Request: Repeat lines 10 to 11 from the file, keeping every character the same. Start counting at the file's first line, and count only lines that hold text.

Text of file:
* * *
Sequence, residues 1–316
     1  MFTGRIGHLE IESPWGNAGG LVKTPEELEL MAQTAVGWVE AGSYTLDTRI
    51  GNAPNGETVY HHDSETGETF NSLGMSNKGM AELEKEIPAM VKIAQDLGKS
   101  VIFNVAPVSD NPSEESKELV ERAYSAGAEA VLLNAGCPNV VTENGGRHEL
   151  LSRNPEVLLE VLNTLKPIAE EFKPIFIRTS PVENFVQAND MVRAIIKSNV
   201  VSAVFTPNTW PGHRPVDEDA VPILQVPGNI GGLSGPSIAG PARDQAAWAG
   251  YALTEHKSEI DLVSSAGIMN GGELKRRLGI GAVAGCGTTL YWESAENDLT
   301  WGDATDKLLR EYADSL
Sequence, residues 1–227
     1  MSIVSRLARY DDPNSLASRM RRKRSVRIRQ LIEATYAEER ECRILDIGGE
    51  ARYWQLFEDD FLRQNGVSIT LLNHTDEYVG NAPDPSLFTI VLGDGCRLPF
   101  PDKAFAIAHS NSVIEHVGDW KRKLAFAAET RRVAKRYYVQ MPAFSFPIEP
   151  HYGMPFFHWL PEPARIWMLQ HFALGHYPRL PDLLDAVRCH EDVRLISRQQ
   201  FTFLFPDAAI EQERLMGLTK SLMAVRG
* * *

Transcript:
     1  MSIVSRLARY DDPNSLASRM RRKRSVRIRQ LIEATYAEER ECRILDIGGE
    51  ARYWQLFEDD FLRQNGVSIT LLNHTDEYVG NAPDPSLFTI VLGDGCRLPF